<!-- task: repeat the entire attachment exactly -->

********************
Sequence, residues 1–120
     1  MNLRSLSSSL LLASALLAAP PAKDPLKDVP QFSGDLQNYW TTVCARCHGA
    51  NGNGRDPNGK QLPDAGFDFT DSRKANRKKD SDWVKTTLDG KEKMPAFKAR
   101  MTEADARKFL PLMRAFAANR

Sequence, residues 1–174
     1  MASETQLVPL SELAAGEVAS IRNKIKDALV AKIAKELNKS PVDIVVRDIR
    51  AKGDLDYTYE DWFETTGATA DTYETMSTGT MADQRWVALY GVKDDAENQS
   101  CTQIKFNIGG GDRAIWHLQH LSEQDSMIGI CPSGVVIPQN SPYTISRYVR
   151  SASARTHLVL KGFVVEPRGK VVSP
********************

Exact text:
Sequence, residues 1–120
     1  MNLRSLSSSL LLASALLAAP PAKDPLKDVP QFSGDLQNYW TTVCARCHGA
    51  NGNGRDPNGK QLPDAGFDFT DSRKANRKKD SDWVKTTLDG KEKMPAFKAR
   101  MTEADARKFL PLMRAFAANR

Sequence, residues 1–174
     1  MASETQLVPL SELAAGEVAS IRNKIKDALV AKIAKELNKS PVDIVVRDIR
    51  AKGDLDYTYE DWFETTGATA DTYETMSTGT MADQRWVALY GVKDDAENQS
   101  CTQIKFNIGG GDRAIWHLQH LSEQDSMIGI CPSGVVIPQN SPYTISRYVR
   151  SASARTHLVL KGFVVEPRGK VVSP